A research team at the National Institute for Materials Science in Japan has developed a new nanofiber mesh which is capable of simultaneously performing thermotherapy and chemotherapy of tumors. Using this new mesh, the team succeeded in efficiently inducing natural death of epithelial cancer cells.

Cancerous traffic jams

July 2, 2013 8:41 am | News | Comments

Evidence is mounting that the development and spread of cancer, long attributed to gene expression and chemical signaling gone awry, involves a biomechanical component as well. Researchers at Lawrence Berkeley National Laboratory have added to this body of evidence by demonstrating that the malignant activity of a critical cellular protein system can arise from what essentially are protein traffic jams.

Shape-shifting nanoparticles flip from sphere to net in response to tumor signal

May 29, 2013 8:10 am | News | Comments

Scientists at the University of California, San Diego have designed tiny spherical particles to float easily through the bloodstream after injection, then assemble into a durable scaffold within diseased tissue. An enzyme produced by a specific type of tumor can trigger the transformation of the spheres into net-like structures that accumulate at the site of a cancer.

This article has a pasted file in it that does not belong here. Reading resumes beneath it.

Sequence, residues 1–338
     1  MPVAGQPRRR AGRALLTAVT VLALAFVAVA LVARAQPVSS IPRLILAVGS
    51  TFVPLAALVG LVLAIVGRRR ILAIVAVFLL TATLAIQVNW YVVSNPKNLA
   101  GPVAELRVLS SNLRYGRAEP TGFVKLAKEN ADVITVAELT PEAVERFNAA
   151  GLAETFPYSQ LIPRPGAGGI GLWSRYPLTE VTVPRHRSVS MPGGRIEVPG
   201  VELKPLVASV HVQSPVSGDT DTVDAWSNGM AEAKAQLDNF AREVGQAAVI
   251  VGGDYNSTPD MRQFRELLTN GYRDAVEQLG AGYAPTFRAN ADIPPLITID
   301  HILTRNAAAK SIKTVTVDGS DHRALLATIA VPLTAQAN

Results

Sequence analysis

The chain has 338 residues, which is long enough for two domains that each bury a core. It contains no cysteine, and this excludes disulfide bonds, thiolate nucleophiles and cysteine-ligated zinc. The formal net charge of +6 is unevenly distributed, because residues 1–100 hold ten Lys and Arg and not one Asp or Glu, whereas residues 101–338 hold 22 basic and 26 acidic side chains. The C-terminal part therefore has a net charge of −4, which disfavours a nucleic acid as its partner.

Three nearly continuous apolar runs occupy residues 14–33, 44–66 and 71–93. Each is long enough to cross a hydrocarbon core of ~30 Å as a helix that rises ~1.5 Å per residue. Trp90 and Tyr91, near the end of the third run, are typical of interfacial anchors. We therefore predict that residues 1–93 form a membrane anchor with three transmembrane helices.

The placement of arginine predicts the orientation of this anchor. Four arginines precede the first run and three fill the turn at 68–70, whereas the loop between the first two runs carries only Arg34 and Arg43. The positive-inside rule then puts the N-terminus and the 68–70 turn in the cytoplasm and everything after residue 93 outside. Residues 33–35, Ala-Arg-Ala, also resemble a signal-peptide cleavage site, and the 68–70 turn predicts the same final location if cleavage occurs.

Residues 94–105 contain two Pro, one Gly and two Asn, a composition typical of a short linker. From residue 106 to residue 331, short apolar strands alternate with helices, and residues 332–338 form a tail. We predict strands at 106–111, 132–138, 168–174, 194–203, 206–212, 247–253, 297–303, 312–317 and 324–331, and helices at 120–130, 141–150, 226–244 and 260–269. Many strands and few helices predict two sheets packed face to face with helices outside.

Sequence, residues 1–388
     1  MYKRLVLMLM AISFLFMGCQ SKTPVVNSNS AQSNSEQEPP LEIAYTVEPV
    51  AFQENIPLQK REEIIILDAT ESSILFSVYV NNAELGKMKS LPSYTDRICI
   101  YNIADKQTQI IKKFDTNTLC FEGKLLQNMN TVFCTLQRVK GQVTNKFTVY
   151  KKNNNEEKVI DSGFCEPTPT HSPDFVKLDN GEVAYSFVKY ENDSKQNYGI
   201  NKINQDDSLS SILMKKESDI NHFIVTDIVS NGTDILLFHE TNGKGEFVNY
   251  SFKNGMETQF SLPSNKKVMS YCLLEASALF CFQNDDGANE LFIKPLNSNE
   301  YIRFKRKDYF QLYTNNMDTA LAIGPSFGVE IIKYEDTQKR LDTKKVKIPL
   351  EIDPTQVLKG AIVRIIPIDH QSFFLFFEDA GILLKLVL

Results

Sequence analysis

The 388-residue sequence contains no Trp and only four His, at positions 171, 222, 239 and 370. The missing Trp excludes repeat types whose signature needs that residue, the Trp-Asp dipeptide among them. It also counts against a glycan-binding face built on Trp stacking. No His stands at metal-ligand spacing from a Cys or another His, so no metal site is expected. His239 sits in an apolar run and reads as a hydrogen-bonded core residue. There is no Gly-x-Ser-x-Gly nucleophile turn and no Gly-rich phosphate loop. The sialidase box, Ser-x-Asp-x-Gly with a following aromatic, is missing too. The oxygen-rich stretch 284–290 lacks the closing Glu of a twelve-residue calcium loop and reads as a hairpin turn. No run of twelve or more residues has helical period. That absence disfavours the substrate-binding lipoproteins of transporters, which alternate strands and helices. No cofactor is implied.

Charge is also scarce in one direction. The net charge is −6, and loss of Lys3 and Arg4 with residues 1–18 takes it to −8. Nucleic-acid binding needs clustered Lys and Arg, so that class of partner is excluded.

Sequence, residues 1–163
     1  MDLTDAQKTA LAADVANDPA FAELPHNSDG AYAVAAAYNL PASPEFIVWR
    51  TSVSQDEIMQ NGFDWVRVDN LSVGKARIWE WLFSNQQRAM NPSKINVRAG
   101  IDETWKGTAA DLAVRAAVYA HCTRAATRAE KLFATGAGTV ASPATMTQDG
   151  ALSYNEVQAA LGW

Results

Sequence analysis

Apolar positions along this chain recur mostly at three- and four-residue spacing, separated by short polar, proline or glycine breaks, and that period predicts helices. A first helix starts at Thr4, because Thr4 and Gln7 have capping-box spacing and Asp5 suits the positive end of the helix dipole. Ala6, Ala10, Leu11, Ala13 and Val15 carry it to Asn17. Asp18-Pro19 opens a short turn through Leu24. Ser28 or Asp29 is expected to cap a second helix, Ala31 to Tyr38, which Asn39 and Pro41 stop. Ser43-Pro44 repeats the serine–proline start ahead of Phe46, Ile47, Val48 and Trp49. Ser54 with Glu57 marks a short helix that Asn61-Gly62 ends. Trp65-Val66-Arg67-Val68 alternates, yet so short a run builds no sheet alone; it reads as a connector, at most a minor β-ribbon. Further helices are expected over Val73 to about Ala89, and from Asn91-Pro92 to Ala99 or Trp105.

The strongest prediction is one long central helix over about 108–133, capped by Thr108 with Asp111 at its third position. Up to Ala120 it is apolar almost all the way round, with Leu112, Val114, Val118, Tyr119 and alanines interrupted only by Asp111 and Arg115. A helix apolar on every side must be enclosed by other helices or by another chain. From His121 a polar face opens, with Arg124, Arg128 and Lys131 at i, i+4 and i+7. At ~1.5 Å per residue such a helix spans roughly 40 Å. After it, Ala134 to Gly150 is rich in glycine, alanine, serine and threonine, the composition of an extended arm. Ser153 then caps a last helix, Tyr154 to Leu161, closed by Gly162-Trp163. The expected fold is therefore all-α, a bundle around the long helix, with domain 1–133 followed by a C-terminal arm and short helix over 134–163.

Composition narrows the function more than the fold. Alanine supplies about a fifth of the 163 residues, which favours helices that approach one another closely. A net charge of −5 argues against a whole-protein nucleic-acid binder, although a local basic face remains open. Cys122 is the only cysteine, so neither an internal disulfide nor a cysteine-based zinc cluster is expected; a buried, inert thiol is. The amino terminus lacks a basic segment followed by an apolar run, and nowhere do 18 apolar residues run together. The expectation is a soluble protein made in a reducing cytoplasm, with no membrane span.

Researchers develop radioactive nanoparticles that target cancer cells

May 22, 2013 9:09 am | News | Comments

Scientists in Missouri have successfully created nanoparticles made of a radioactive form of the element lutetium. By covering these particles with gold shells and attaching targeting agents, they have a tool that can seek out dangerous secondary lymphoma tumors. They recently demonstrated the nanoparticles can find the tumors without attaching to or damaging healthy cells.

Protected data cloud to analyze cancer data

May 20, 2013 9:16 am | News | Comments

The University of Chicago has recently  launched the first secure cloud-based computing system that enables researchers to access and analyze human genomic cancer information, such as the The Cancer Genome Atlas, without the costly and cumbersome infrastructure normally needed to download and store massive amounts of data.

United Tech donates $3M for Yale cancer research

May 15, 2013 1:20 pm | by The Associated Press | News | Comments